For the coffee though, I like the coffee brewed on Southwest. And I hate to break it to you, they are going to pour you a cup of hot water with the same water that is used to brew the coffee.

Guest's picture

I have no suggestions to add to the already adequate list, but where can I find a pattern for the privacy sweater in the photo? I totally want one!

Andrea Karim's picture

Instructions for creating the Compubody Sock can be found here.

Andrea Karim's picture

Good list! I would add the following to my travel bag:

-Ziplock bag of baby wipes, just because
-Moisturizer for face and hands (airplane air is SO dry)
-Sleeping pills for long flights

I have seriously anxiety when I fly, so I usually have a glass of Chardonnay before boarding... not that I recommend alcohol to calm nerves, because that's not healthy. Once the plane is safely off the ground, and I'm on a trans-ocean flight, I pop a couple Tylenol PM and I'm out fast for several hours.

Of course, that's not really so much sanity as unconsciousness, but I'll take what I can get.

Kentin Waits's picture

Tylenol PM is a great tip -- I'll take unconsciousness over stress any day. :)

Guest's picture

Three additional tips from traveling including several trips overseas to Europe and Austalia:

1. Always set watch to destination time as soon as the plane takes off.

2. Never look at the Flight Tracker, particularly with longer overseas flights

3. For the suggestion on noise cancelling headphones, get the earbud-style as many airlines will allow one to keep earbud-style headphones on during take-off and landing if plugged into their sound system.

Guest's picture

Great list, especially the snacks. Even on short flights, I never travel without something to stand in for a meal. Never know when aircraft or weather problems are going to delay arrival by hours.

I'd also add:
- Water bottle (empty going through security and then filled up at a water fountain...or bought once through security) - Much of the time that literal headache from airtravel is probably due to dehydration.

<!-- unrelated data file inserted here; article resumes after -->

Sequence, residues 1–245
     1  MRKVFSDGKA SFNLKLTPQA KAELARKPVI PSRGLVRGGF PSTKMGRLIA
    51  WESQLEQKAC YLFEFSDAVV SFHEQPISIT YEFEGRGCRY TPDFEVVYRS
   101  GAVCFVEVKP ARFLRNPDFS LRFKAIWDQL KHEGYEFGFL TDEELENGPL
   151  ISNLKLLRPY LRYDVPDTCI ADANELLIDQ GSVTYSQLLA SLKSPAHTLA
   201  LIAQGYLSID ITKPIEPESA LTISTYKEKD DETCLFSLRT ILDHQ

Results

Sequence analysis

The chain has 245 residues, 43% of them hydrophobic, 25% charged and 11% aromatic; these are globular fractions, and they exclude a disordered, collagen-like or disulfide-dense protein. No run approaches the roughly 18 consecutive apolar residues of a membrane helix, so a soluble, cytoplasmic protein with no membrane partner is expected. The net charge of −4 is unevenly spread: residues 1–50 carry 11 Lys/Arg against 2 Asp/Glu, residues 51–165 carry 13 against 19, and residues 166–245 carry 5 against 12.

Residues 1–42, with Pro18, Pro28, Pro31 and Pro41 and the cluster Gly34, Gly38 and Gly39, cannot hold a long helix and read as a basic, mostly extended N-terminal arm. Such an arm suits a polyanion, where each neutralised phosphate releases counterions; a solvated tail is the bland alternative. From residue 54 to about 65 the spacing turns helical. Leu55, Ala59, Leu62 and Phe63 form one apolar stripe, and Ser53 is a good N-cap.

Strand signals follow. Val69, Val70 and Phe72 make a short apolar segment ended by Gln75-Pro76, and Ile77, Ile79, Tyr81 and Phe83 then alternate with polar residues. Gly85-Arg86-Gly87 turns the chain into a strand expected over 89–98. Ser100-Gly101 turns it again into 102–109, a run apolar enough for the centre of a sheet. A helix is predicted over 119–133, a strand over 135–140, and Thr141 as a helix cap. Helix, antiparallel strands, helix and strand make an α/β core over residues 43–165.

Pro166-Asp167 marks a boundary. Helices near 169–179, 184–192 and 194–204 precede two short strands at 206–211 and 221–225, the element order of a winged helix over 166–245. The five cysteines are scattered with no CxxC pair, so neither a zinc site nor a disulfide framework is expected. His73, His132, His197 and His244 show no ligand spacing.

- Blanket or something long sleeved and socks (if traveling without them) - Airplanes are often cold and blankets aren't always available. This can also be used as a pillow and/or lumbar support should you need one.

Guest's picture

When traveling internationally (or on a long domestic flight), I have found that I travel better by changing into something comfortable (long sleeve t-shirt, lounge pants and heavy wool socks--no shoes), blocking out the world (noise canceling headphones on my ipod hooked up to soothing music and a padded eye mask) and going to sleep. It's a business class solution that works well in coach too.

Guest's picture

I wish I read this article before my trip to England! Long and short flights can make me feel like i'm loosing my marbles. I never thought to bring my own instant coffee!! The coffee served are most plane is never enough for my caffeine addiction and now I can save money by not drinking Starbucks in the airport! Thanks for the tips

Guest's picture

These are must have items! To this list I might add warm wool socks. My feel almost always get cold on flights, especially international legs, and an extra warm pair of socks does come in handy. On a few occasions I've even used them as mittens. Also, since we can't take water bottles anymore, I recommend an empty bottle, too, just fill it up before you board.

Guest's picture

Bringing my own instant coffee on a plane never crossed my mind. This is very clever and a real good tip too.

Guest's picture
Sean Hopcraft

I used some of these tactics when I had a 16 hour flight to China!! It helped my sanity so much!

Guest's picture
Guy on a Plane

I've read on many sites how the hot water on airplanes isnt really potable if even palatable. That said, instant coffee makes no sense! No improvement over free inflight brew

Guest's picture

Hydrocodone. That is all.